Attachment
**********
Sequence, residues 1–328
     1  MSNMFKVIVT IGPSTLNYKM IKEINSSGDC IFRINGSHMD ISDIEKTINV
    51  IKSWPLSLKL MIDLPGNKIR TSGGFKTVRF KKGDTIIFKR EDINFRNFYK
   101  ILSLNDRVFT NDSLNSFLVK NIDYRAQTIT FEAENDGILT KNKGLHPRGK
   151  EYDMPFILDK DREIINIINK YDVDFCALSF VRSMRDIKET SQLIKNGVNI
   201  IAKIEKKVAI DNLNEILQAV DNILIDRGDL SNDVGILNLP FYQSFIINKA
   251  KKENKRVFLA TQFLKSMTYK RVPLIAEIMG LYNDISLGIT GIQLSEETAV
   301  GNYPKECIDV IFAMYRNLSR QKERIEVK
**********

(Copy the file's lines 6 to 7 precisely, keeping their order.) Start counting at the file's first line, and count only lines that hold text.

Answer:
   201  IAKIEKKVAI DNLNEILQAV DNILIDRGDL SNDVGILNLP FYQSFIINKA
   251  KKENKRVFLA TQFLKSMTYK RVPLIAEIMG LYNDISLGIT GIQLSEETAV